Vessel co-opting tumors differ from angiogenic ones in their ability to preserve the vascular scaffold of the surrounding normal tissue instead of inducing a destructive wound healing-like reaction along with angiogenesis, fibrosis and inflammation [10][11]. Usually, vascular co-option occurs in solid tumors, such as in the brain, breast, kidney, and lung [9], with a well-organized vascular bed. In this process, pericytes play an important role in supporting and stabilizing ECs [12]. Even if the molecular mechanisms driving vessel co-option are poorly understood, pericytes physically interacting with cancer cells support cancer invasion [10][13]. The identification of vascular channels lacking ECs was introduced by Maniotis et al., who reported the plasticity of aggressive cancer cells forming de novo vascular networks in highly aggressive uveal melanomas [14]. VM has been described in a plethora of tumors, including carcinomas of the breast [15], ovary [16], bladder [17], lung [18] and prostate [19], as well as sarcomas [20], glioblastomas [21], astrocytomas [22] and melanomas [23]. The functional channels (that are not vessels) are composed of tumor cells with stem cell features, and present characteristic patterns in addition to the erythrocytes inside them. The presence of VM is associated with a high tumor grade, short survival, invasion, and metastasis. Although the molecular mechanisms of VM are not entirely clear, the hypoxia-inducible factor 2α (HIF2α)/vascular endothelial (VE)-cadherin axes are a key pathway [2]. Microarray analyses highlighted in melanoma cell formation channel the downregulation of several melanoma-specific genes, such as melanoma-cell adhesion molecule (MCAM), melan-A (MLANA), and microphthalmia-associated transcription factor (MITF), suggesting a regression in the differentiation state of the tumors. On the contrary, EC-related genes including the tyrosine kinase receptor 1 (TIE1), epithelial-cell kinase (EPHA2), VE-cadherin (CDH5), neuropilin 1 (NPR1) and hypoxia-inducible factor 1α (HIF1α) are up-regulated [24].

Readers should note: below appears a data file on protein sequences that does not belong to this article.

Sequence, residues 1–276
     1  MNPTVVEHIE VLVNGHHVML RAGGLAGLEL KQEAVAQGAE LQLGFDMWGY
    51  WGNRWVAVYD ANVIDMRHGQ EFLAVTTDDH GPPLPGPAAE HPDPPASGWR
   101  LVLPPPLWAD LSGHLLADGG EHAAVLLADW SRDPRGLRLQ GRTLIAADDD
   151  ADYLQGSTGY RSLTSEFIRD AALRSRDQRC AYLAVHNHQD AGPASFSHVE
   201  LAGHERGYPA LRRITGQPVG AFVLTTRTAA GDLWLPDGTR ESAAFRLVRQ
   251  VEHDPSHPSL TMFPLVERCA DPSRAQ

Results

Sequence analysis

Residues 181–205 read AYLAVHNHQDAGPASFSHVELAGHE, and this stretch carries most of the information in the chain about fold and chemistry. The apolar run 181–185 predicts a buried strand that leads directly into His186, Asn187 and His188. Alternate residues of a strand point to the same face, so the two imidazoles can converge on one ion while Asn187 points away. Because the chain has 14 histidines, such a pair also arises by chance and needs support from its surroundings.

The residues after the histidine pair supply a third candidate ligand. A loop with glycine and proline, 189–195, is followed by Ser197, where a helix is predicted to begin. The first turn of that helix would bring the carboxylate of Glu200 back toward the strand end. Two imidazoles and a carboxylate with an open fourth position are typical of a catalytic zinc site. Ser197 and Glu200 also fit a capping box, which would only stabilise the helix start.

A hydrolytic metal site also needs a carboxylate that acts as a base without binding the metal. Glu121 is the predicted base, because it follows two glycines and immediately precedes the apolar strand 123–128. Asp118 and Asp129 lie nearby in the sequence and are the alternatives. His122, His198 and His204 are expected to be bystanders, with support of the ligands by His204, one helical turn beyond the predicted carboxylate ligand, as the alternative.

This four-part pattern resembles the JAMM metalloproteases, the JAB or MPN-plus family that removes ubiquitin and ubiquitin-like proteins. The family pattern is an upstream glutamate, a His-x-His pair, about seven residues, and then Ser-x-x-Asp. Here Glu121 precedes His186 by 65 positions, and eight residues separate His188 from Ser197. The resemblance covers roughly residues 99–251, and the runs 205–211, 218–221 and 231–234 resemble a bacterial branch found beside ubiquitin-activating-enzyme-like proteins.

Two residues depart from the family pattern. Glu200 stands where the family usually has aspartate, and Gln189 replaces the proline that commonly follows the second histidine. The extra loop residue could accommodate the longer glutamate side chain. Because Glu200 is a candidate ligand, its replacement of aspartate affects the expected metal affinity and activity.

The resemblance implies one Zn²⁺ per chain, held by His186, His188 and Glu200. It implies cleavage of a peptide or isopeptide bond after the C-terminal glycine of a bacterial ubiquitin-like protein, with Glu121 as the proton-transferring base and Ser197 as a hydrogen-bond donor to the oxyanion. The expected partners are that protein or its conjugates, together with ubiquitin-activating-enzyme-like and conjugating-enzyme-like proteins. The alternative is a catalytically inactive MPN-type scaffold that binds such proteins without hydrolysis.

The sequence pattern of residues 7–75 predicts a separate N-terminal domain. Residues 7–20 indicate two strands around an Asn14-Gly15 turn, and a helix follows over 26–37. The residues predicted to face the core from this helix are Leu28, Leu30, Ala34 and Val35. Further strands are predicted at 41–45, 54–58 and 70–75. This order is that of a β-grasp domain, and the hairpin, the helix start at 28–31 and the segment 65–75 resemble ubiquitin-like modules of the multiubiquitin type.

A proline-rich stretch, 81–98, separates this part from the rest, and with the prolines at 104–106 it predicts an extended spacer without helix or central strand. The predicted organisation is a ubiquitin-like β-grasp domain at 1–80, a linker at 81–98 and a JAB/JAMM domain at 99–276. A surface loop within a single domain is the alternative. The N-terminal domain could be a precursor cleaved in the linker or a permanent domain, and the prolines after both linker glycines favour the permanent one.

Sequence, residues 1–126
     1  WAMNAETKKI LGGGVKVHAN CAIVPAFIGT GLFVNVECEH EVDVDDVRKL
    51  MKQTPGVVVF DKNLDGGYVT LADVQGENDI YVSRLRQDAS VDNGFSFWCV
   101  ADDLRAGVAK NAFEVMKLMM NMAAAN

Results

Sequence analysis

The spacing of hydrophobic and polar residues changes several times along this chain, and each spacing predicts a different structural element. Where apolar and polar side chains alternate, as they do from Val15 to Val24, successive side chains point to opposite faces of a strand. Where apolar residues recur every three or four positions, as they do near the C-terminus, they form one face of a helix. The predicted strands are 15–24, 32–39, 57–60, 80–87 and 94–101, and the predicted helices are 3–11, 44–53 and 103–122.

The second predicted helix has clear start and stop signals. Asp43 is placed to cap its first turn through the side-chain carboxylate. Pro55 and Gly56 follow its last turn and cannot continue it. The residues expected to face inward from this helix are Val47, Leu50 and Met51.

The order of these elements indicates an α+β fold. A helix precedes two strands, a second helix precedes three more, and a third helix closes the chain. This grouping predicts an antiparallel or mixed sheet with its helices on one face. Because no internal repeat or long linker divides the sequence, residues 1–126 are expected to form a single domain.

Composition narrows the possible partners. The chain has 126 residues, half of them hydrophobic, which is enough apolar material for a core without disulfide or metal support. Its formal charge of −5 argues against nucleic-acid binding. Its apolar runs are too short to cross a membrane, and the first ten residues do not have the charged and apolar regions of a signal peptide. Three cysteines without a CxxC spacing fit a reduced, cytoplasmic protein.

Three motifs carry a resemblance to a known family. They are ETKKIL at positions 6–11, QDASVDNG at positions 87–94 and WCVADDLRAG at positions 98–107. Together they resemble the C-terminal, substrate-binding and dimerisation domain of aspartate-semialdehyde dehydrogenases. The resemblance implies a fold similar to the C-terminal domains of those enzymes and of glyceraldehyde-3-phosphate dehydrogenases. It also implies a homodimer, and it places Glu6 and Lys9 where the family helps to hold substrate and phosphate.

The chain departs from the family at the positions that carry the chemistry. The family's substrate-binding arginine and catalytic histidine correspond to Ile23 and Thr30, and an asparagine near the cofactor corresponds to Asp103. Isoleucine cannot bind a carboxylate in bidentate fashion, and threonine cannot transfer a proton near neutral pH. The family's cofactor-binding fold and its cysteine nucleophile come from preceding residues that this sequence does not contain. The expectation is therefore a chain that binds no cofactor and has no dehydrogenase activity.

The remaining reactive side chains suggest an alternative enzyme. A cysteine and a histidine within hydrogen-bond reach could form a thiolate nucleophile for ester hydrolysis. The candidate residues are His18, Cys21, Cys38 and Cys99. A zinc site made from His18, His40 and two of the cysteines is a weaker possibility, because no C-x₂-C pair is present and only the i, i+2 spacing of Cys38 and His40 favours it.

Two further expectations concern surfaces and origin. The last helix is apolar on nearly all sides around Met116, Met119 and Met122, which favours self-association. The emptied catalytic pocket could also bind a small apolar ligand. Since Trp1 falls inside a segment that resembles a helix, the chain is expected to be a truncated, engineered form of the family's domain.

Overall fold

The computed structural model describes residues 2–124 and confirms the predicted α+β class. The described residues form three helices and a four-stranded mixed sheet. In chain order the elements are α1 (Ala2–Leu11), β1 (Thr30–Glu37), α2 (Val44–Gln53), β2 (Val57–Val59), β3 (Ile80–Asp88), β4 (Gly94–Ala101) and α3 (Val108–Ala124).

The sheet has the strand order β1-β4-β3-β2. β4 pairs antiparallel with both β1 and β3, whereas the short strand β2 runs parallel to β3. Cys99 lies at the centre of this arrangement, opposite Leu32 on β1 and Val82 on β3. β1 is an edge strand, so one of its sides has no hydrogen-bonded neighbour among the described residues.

3. The Angiotropic Process: Walking on the Abluminal Side of Vessels

Recently, pathologists described, in melanoma samples, the presence of single cancer cells or cell aggregates near vessels on their outer side. Based on these histological observations, Lugassy and Barnhill have hypothesized, for the first time, the phenomenon of angiotropism. Cancer cells, acquiring the typical forms and positions of pericytes, can migrate extravascularly, returning to a neural crest cell migratory phenotype [25]. According to this concept, melanoma cells closely associated with the endothelium in a pericytic location, which are generally detected at the advancing front of the tumor and without evidence of intravasation, are defined as angiotropic melanoma cells [26][27]. Histological analysis has revealed that both micro and large vessels can be affected by the angiotropic phenomena, while data about neovessels or stabilized vessels are not conclusive yet. In this complex, the ECs show no signs of physiological damage or intravasation. Thus, in parallel to the classical metastatic dissemination, the migration of cancer cells outside the vessels has been referred to as extravascular migratory metastasis (EVMM) ( Table 1).

Table 1. Short description of the different routes of cancer dissemination.

Metastatic Process Features
1. Hematogenous Metastatic cancer cells detaching from primary tumor approach capillaries or angiogenic blood vessels, degrade the basal lamina, invade the endothelium, and intravasate into the flow as single cells or small groups. Finally, they colonize receptive distant organs.
2. Lymphatic Metastatic cancer cells detaching from primary tumor degrade the basal lamina of lymphatic vessels and intravasate. Metastatic cancer cells enter into the lymphatic system by active movement, pass up the lymphatic flow, and colonize the lymph nodes and other organs.
3. Transcoelomic Metastatic cancer cells detached or exfoliated from the tumor remain as individual or groups of cells in the cavities. The spread of cancer cells into body cavities occurs via penetrating the surface of the peritoneal, pleural, pericardial, or subarachnoid spaces. In the cavities, metastatic cancer cells proliferate in suspension, generate ascites, and/or adhere to other tissues.